Now that he’s solved the shooting that left his brother Teddy seriously disabled (Bear Is Broken, 2013), Oakland attorney Leo Maxwell is ready to juggle a trio of cases that put him on the hot seat.
Beware of women who knock you off your bicycle with their convertibles and then press you to take an iffy case. The woman in question is Lavinia Martin, who, instead of sending Leo a $200 check for his broken wheel, offers him $10,000 to protect her brother, who already violated his probation when Detective Eric Campbell found a gun in his car, from the charges that are sure to follow when the cops link that gun to a recent murder. The only trouble is that when Leo, who’s already skirted the law by photographing a meeting between Campbell and suspicious-looking private security agent Damon Watson, maneuvers his way into a meeting with the imprisoned Jamil Robinson, his supposed client insists he never hired Leo—in fact, his only sister is dead. Clearly, Leo’s been set up to take the heat off the police corruption case he thought he’d cracked, but by whom: Jamil’s heavy-duty attorney, Nikki Matson? The vanished Lavinia Martin? Campbell himself? Before he can answer this question, Leo will have to defend Marty Scarsdale, a client accused of molesting a 13-year-old friend of his daughter’s, and reopen the murder case of Jeremy Walker, who was shot to death last summer and whose mother now wants Teddy to marry her even more impaired daughter Tamara, who doesn’t even remember that she was in a therapy group with Teddy.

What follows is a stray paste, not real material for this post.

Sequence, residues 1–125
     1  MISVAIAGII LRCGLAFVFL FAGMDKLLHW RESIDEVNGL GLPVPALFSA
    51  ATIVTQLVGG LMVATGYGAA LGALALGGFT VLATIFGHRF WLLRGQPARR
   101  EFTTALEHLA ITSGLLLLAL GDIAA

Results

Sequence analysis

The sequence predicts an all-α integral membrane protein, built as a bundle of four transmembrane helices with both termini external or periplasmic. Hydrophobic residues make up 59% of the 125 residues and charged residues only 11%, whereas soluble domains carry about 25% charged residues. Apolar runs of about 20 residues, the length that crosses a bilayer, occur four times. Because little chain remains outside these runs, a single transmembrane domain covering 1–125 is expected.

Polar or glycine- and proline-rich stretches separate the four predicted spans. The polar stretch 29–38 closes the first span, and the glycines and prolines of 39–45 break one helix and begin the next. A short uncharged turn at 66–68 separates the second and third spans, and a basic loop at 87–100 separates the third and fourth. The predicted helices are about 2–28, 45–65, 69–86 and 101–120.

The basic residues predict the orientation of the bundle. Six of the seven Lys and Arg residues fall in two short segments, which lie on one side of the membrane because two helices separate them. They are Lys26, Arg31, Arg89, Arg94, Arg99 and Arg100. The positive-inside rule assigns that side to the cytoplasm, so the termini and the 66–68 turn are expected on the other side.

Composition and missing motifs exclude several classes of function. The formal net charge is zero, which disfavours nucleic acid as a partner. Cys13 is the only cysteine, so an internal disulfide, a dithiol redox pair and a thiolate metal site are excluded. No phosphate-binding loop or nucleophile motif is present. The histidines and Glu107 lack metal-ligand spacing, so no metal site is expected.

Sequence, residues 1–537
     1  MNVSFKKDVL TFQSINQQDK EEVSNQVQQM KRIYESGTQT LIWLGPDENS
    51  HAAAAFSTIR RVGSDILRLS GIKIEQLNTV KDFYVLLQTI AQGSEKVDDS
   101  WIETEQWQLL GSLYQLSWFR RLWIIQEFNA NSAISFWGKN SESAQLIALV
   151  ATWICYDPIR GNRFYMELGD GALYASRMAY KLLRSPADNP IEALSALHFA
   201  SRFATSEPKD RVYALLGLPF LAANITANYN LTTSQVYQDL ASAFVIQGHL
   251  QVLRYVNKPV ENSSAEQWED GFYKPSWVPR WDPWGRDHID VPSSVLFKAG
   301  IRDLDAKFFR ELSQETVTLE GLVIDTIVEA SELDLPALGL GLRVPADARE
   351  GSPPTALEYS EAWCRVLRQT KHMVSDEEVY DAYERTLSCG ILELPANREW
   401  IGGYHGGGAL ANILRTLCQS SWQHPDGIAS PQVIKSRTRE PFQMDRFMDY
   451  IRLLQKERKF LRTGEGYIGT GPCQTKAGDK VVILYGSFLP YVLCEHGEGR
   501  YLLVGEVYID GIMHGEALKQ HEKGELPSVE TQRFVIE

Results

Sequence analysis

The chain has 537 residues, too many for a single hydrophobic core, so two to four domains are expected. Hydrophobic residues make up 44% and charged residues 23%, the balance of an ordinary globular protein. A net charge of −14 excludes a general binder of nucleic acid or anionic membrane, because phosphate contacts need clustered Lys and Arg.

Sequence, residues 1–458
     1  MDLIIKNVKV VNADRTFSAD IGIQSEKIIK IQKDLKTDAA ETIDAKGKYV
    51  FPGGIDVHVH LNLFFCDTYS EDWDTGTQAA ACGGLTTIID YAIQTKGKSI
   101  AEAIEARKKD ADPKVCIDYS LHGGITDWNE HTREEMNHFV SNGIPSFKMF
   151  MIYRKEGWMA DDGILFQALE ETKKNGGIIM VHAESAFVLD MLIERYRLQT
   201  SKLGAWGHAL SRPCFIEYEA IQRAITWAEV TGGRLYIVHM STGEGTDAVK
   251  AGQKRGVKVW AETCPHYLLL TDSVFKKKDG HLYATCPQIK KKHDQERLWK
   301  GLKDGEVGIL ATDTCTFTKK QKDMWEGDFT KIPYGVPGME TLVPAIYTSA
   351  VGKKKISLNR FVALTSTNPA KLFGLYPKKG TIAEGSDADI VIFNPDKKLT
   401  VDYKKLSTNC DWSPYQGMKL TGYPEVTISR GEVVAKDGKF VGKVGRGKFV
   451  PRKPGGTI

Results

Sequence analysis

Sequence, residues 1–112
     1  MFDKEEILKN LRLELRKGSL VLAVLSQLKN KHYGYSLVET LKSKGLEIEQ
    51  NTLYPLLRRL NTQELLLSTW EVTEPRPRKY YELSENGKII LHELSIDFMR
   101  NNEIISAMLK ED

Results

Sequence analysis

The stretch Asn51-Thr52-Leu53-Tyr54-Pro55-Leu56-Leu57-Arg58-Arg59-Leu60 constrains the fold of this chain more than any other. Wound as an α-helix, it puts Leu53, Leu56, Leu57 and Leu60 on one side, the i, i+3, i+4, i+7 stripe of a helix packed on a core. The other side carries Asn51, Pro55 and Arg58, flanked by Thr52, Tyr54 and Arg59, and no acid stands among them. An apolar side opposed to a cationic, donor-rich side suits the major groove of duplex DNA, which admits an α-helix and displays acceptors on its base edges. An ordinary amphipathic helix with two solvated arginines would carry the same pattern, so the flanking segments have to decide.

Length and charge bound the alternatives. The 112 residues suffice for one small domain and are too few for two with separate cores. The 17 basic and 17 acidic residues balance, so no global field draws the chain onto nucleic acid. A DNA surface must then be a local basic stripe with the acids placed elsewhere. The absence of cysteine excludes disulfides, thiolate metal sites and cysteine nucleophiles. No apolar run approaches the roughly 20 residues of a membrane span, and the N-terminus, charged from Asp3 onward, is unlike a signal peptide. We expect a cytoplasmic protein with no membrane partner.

“We’re lawyers, not private detectives,” Leo’s boss, Jeanie, Teddy’s ex-wife, tells him. In his sophomore outing, though, Leo shines a lot more brightly as a private detective than as a lawyer.